Sunday, June 15, 2008

The N.C. Lottery is for IDIOTS....


The N.C. "Education" Lottery is for IDIOTS! You may quote me on that statement.
As far as state sponsored lotteries are concerned, they are all for IDIOTS. Send me the $600.00 dollars a year a "poor" family spends on lottery tickets and I will pray a health and wealth prayer over them. They will be more likely to get rich from my prayer than from any lottery in the nation. Or better yet, give the monies to a local church or missions organization, you'd have a better chance at reaping blessings from God than from any future lottery winnings. It is a system of underhanded taxation set up by worthless politicians. If you are a politician that happened by here and support the lottery you are a worthless piece of trash and should be run out of office with a pitch fork and fire burning torch. The NY Times has an OpEd that ran earlier in the week.
The rest of the OpEd is very good also, but if you love debt and stuff, it could be painful.

11 comments:

  1. Jimmy,

    That's some mighty strong language there...

    I like it!

    The lottery is nothing but a backdoor tax the government has instituted to swindle the very class of people, the poor, whom they are supposed to be protecting. To take advantage of the desperate conditions these people live in and to blatantly exploit them by dangling the (im)probability of riches to me is just reprehensible.

    We were studying Mark 14 last week: the story of the woman who annointed Jesus with the perfume, and while He commended the woman for her actions, if you read the passage closely, you will find that He continued to exhort those present to HELP the poor.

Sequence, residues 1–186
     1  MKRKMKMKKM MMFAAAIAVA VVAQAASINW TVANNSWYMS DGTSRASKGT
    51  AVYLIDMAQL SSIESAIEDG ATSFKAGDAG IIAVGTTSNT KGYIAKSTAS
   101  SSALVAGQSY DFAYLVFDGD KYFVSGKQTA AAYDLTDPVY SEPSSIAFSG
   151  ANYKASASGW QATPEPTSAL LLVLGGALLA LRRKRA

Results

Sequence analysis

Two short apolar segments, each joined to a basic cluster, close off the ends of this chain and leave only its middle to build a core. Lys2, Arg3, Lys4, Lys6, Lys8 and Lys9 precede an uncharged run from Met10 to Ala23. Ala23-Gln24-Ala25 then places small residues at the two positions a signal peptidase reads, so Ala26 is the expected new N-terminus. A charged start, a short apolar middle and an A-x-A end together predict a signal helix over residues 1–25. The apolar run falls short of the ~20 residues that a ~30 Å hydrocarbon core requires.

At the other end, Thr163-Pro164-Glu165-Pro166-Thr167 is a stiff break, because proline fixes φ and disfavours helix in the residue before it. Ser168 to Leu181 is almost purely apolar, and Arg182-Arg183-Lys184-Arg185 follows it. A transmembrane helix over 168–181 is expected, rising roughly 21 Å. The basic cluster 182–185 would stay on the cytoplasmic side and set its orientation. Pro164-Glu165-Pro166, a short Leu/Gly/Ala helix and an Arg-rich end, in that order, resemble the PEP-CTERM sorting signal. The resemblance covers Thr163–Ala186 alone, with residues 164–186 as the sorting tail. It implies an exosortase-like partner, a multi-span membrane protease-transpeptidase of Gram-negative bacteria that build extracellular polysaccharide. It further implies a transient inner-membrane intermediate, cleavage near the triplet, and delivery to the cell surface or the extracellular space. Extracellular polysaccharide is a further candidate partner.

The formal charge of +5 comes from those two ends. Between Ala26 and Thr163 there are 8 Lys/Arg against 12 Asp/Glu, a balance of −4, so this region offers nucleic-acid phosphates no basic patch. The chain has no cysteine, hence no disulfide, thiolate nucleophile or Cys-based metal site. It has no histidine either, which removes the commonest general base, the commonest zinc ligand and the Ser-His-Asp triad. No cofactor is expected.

This state government does little of that. I've got some ideas:

    How about free community college education?

    Heck, how about a real public school education?

    How about some decent jobs?

    How about raising the minimum wage? [I almost can't believe I said that, but let's face it, most employers think a business is them sitting at home while they get other people to do all the work for substandard wages while they reap the benefits.]

    And how about no more sweetheart deals to big corporations who come here, only to leave when the tax breaks run out?

    If anybody out there still thinks the Lottery is a good idea, they are desperately in need of a Statistics class. The only people who are making out in this whole deal is the company running it.

    Chris

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  2. Great post and the Op-Ed piece is right on the money (sorry for the pun!). Our experience with gambling began overseas and it was devastating to see how it effected the poor there when a very corrupt government didn't even allow locals to legally participate! D has been called names and mocked because he doesn't participate in the "pool" at work every work. Pitiful. Thanks again for the post.

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  3. Thanks Chris for the kudos...

    Fay,

    To me it is not about the gambling, but if you are going to gamble, go to Vegas where the odds are so much better. Even Vegas is going to get most of your money, most of the time.